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Fusion for Energy (F4E)

Fusion for Energy (F4E)

Did you know that the agency responsible for managing the European Union's involvement in the world's largest energy research and innovation project is located in Barcelona?

Since 2007, a team of more than 450 highly qualified European experts in fields such as engineering, physics, mathematics, and social sciences have been working shoulder to shoulder with other Europeans in the offices of Fusion For Energy (F4E), located next to the Diagonal Mar shopping center.

Fusion energy

Everyone has heard of nuclear energy, but few know that there are two types: fission, which is produced by splitting the nucleus of a “heavy” atom, like uranium atoms, and fusion, which is obtained by joining two “light” nuclei, like those in hydrogen atoms.

The first entails countless environmental problems, including waste storage and the risk of uncontrolled chain reactions, and this type is what we usually refer to when we speak of “nuclear energy.” This is the energy employed by past and present nuclear power plants in different parts of the world.

The second kind is like the nuclear reaction that takes place in the sun and in the stars. Unlike fission, fusion energy generates helium as a by-product, which is totally harmless. It is therefore a practically inexhaustible source of energy and has none of the serious waste management issues related to fission energy. Furthermore, there is no chain reaction and it is intrinsically safe, as control is not lost if there is a systems failure.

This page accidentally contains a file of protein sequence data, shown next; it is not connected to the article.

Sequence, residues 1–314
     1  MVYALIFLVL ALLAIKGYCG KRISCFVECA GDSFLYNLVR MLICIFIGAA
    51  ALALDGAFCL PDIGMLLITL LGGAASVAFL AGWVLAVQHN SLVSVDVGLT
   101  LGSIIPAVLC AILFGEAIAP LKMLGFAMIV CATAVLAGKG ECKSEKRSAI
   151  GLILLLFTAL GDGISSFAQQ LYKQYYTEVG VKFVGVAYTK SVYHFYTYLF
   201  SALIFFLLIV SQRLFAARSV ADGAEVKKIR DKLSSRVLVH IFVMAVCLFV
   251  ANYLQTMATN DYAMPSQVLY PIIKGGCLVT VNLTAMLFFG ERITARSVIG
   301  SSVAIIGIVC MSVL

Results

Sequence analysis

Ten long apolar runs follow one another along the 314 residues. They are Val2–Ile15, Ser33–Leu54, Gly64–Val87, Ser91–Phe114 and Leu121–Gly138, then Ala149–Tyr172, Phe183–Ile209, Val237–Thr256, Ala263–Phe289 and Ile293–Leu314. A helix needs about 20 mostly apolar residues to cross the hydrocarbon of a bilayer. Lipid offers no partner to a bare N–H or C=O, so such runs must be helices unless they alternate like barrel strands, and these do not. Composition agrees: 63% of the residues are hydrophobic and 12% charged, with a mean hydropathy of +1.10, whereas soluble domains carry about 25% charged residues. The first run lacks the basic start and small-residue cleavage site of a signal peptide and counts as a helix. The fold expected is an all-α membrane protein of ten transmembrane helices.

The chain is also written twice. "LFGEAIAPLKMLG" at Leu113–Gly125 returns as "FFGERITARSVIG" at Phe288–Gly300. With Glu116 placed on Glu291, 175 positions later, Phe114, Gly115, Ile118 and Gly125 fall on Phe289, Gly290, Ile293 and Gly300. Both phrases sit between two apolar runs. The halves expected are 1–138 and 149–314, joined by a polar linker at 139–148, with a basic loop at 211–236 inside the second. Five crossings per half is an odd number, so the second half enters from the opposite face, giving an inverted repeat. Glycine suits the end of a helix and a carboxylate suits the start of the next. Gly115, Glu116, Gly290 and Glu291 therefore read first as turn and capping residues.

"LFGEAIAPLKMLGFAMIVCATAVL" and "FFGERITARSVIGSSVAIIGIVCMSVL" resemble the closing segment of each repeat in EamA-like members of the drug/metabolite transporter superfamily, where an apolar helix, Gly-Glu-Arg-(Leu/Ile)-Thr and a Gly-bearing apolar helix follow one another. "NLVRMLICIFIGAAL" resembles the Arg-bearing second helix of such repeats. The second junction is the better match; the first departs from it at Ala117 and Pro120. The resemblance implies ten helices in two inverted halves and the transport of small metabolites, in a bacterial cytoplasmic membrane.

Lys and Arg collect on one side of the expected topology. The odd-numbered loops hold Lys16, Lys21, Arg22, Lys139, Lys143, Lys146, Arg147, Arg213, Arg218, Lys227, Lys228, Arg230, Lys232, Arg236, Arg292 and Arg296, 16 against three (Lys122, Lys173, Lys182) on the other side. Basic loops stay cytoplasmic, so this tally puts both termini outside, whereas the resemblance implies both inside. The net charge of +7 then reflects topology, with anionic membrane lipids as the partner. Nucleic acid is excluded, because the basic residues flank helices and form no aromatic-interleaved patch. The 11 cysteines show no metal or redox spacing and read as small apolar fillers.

"The growth in energy consumption and the desirability of avoiding the use of fossil fuels has led to the exploration of new energy sources"

So why isn't it used?

The theory is clear, but putting it into practice is far from straightforward.

ITER (the International Thermonuclear Experimental Reactor) was created in 1986 to carry out research into the production of this type of energy.

The tokamak, which is the name given to the reactor in which fusion is to take place and which consists of an immense toroidal (donut) structure, is under construction in Cadarache, near Marseilles.

ITER is the outcome of an unprecedented global agreement between seven partners: the European Union, India, Japan, Russia, the United States, South Korea and China. Its objective is to determine the technological and economic feasibility of nuclear fusion, a stage prior to commercial development, which is not expected to take place until the 2040s.

F4E is the largest contributor, since the EU is the majority partner in the global project.

So, from discreet offices near the sea in Barcelona, absolutely unknown to most of the city's inhabitants, this multidisciplinary and multicultural European agency is quietly working on the largest energy research and innovation project in the world.

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